I remember a few years back that a similar question was asked. "should a vinyl newbie start with a simpler/cheaper table or not?" I also remember a response from TWL that really changed my thinking on this. His reply was that this particular newbie should buy the best table/arm/cartridge combo that he could because this would give the greatest reward for the work in setting things up. The reasoning was that the basics of turntable/arm/cartridge setup are the same no matter what you start with. If you buy a rig that is really going to give you great performance you will be less likely to go round and round with upgrades latter. I didn't follow his advice but I have different goals than just listening to my LP's. I would also say that some of the lower-end analog components can hinder the process of learning how to set things up because they don't offer the ability to adjust certain parameters. I personally can't understand owning an analog rig without knowing how to set up every part of it, physical limitations aside here.

So that is my advice to Howie. Get the best table you can afford. Then get the best phono stage you can afford. Then get the best arm you can afford. Then, if you have any change left, get the best cartridge you can afford. It is easy to upgrade arms and cartridges latter.

Tables for the most part are straight forward to setup, just depends on if you want suspended or non-suspended. This is the foundation for analog playback. A modest arm and cartridge will sound much better on a well implemented and sited table than on a lesser table.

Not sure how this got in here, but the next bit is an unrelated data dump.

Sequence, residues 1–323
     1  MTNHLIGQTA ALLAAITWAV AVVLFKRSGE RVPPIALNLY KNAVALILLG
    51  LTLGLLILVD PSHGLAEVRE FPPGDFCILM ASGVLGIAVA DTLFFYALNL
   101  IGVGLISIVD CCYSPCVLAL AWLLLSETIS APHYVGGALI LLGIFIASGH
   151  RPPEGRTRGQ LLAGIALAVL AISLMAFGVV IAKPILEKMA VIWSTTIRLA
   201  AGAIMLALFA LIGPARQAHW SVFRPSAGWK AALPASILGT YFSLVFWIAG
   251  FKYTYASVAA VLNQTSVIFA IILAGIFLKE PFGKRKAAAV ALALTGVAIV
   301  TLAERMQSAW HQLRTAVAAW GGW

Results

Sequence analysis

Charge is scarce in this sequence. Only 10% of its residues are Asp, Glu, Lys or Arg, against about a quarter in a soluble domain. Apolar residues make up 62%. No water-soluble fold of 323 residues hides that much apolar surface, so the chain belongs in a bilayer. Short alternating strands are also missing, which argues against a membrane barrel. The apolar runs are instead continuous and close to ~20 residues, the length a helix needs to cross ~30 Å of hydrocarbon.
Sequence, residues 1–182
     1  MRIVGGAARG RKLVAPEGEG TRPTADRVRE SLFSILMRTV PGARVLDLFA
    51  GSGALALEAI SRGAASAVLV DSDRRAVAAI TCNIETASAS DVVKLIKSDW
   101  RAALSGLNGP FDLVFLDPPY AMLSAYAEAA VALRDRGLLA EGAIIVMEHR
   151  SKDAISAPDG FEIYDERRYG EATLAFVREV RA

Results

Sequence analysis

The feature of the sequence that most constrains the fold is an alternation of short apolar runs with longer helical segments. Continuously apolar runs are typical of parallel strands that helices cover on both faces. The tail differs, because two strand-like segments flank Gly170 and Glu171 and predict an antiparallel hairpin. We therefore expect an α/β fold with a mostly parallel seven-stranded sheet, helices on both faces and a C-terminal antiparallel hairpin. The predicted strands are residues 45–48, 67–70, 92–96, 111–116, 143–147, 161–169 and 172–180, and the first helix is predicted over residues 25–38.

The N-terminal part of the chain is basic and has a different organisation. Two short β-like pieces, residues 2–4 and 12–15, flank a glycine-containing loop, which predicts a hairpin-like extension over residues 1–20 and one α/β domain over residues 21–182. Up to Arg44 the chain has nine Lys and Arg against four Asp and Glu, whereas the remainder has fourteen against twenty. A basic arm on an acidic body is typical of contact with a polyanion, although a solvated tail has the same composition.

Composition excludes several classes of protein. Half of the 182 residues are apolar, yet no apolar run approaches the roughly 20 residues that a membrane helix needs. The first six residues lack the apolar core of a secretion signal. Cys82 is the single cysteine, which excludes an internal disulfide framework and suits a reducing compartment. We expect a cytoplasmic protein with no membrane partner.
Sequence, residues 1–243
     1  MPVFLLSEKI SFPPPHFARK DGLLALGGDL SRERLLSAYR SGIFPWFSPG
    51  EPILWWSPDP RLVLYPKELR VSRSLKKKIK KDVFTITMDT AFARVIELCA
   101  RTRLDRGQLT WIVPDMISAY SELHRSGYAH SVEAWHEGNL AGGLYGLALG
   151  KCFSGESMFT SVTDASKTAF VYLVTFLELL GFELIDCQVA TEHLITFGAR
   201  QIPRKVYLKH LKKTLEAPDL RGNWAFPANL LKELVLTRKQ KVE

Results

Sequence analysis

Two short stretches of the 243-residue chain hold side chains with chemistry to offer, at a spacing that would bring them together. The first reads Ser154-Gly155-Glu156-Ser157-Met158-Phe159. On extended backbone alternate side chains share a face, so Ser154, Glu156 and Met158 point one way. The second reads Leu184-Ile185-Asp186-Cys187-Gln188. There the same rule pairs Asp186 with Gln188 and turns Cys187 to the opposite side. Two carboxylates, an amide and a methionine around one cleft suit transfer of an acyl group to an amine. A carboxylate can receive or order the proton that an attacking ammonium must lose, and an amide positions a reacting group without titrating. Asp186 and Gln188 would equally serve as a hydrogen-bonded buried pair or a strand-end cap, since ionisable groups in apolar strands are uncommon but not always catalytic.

The phono stage can be the bottle neck that keeps the sound from getting to your speakers. A good one will let you hear the changes in adjustments and also let you hear where you need to focus on changes. Make sure you can play both MM and MC cartridges.

You could start with a fairly inexpensive arm. There are many out there but you'll have to wade through mounting compatability and ease of adjustments. For example, a Rega based arm won't have VTA adjustment but there are some good products that can provide that capability. If you go with a lesser arm I would recommend checking out it's resale value.

While I do like the Denon 103R, I'm not sure if it is a good cartridge to start with depending on your goals. If you just want to set things up and listen then this is a good choice. The issue I have with this cartridge is that it is pretty forgiving as far as setup goes so it can actually block you from learning what small changes in VTA and azimuth make.

Don't forget that good, effective cleaning equipment and techniques is also essential to get the most from your LP's.
Well said, Dan_ed! I like your summary.
Anyone who says that it doesn't take a lot of time and work (not to mention money) to get a vinyl playback system optimally set up is kidding themselves and others. But so what? The work itself can be technically interesting and enjoyable. There is more to life than listening to music.